Employer NIC deductions from contractors under IR35

22 August 2022

Can you renegotiate contracts to include deductions for employer’s NIC?

The contract fee-payer is liable for employer’s National Insurance Contributions (NIC) (13.8 per cent) and the Apprenticeship Levy (0.5 per cent) in addition to the fee for the work of those deemed as employees under IR35 off-payroll rules.

Following the introduction of the rules in the public sector in April 2017, some employers tried to pass on these costs to contractors. This is potentially unlawful.

Legislation prohibits the direct or indirect recovery from employees of employer’s National Insurance Contributions (“NIC”). This includes employer’s Class 1A NIC due on benefits in kind. 

The Employment Rights Act 1996 also adds additional protections for workers who must not suffer deductions from their wages unless: 

  • the deduction is required, authorised by statute or by the worker's contract (which won’t apply here); or
  • the worker has given their prior written consent to the deduction.

Post-dated deductions

Under employment law even if the worker does give written consent, the Courts have indicated that any such consent does not authorise deductions on account of conduct, which must include services delivery, occurring before that written consent is signed.

It is therefore difficult to see when a contract can lawfully include such a deduction for employer’s NIC when you take into account the NIC legislation as well.

Renegotiating contractor fees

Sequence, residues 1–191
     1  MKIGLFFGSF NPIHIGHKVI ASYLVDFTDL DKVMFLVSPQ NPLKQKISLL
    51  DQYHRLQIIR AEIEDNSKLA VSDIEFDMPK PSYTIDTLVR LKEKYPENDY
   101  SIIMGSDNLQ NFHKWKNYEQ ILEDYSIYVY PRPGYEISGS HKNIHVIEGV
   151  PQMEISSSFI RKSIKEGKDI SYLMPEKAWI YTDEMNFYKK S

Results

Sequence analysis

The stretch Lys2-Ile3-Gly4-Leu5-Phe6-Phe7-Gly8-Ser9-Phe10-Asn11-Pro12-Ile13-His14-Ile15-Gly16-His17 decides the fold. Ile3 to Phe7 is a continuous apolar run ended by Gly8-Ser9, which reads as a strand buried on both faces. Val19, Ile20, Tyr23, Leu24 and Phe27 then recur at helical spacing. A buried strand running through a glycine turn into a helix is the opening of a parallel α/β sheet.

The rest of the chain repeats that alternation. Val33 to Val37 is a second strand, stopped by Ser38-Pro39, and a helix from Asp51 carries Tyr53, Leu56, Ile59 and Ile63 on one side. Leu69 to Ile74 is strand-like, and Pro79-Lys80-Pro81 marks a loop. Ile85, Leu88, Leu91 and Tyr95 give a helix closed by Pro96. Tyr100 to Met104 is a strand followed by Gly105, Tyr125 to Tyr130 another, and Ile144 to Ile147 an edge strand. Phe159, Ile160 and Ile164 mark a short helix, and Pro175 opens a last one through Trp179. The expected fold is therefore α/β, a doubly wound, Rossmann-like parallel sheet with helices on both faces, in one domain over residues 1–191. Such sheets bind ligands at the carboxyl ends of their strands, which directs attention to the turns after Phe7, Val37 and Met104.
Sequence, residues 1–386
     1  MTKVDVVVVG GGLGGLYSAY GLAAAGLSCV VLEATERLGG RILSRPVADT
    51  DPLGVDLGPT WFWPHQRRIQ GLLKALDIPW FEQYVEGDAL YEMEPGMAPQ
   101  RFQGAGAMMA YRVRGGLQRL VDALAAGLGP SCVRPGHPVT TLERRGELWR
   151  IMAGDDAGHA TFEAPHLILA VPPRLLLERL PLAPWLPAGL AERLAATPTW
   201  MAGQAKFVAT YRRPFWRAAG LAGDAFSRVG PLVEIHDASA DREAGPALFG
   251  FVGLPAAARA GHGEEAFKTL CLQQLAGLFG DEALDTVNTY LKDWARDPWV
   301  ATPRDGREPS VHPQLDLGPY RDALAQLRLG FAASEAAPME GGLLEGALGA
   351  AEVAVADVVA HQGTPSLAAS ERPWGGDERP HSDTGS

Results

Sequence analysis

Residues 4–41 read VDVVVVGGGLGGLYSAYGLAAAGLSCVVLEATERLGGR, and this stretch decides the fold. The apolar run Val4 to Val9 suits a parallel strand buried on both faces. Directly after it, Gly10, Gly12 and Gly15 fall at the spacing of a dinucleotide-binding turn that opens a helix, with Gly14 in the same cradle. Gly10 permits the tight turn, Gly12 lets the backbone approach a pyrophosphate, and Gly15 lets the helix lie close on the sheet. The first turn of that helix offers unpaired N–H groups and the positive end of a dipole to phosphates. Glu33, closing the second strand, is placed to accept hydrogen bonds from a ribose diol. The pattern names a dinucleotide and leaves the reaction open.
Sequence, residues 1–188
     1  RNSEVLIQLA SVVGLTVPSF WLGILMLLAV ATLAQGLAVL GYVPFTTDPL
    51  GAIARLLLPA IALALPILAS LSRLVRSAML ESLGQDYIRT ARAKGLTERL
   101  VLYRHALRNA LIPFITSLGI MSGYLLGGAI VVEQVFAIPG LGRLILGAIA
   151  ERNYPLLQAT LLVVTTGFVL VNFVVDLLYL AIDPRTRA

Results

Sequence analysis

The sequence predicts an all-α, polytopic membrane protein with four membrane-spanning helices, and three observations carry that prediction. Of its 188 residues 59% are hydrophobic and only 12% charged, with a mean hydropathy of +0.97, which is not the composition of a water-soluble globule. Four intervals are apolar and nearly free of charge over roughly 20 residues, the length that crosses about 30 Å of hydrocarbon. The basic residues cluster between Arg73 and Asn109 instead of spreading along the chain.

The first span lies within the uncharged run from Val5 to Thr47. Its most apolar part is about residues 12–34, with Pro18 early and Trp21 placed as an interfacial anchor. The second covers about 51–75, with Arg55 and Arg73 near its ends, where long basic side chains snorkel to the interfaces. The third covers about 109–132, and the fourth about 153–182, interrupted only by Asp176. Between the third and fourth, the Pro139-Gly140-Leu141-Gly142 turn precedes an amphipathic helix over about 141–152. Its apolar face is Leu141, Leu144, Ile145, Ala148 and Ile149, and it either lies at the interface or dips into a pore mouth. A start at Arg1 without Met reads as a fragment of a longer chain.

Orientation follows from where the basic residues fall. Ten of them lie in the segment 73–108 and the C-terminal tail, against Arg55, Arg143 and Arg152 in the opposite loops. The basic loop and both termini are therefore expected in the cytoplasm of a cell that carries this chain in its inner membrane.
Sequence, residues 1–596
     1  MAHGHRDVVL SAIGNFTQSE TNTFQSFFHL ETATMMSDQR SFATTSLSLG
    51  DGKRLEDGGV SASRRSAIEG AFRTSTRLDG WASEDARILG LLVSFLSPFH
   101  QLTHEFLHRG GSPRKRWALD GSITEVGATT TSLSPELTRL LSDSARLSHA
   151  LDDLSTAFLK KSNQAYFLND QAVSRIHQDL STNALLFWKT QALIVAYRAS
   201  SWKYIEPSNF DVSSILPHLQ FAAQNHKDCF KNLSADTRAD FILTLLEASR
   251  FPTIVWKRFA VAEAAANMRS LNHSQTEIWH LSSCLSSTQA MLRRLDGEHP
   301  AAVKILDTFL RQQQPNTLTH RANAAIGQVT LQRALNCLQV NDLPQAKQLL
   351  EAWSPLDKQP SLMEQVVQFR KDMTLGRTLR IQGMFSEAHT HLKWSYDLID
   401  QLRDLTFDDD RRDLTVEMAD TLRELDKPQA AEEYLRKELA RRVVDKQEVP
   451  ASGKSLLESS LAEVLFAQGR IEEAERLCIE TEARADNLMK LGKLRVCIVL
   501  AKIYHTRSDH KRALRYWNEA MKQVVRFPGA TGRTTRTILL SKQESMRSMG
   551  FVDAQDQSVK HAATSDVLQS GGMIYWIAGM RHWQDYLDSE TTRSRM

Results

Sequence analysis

HMRC guidance states that “Because the fee payer has a liability to pay secondary Class 1 NICs, they are likely to wish to renegotiate the fee with the intermediary to reduce the rate for the job.” This appears to be an oversimplification even though the guidance does go on to say, ‘they cannot lawfully deduct the secondary NICs from a fee that has been agreed, but could, depending on the contractual terms, negotiate a lower fee’.

It is therefore hard to see how a fee-payer renegotiating the rates under an existing contract, because they will have extra costs going forward, is not in breach of these rules even if they do not explicitly mention employer's NIC.

If a fee-payer does deduct the employer’s NIC from the contractor, then the contractor has recourse via the courts - or more simply and cost effectively via an employment tribunal if the deduction did not have prior consent as an unlawful deduction from wages. It would depend on the circumstances. 

For fee-payers renegotiating rates on a contract that spans 6 April 2021, it looks strongly open to challenge as unlawful if the attempt directly or indirectly includes the employer's NIC. Contract fees should be agreed at the start of a project.

As a result, we could see many contracts or projects cancelled for this reason, and to protect the contractor’s own position on IR35 to date, albeit with some new commercial terms and contracts agreed between the same parties. 

If you are a fee-payer planning to re-negotiate contracts, we would recommend that you take advice.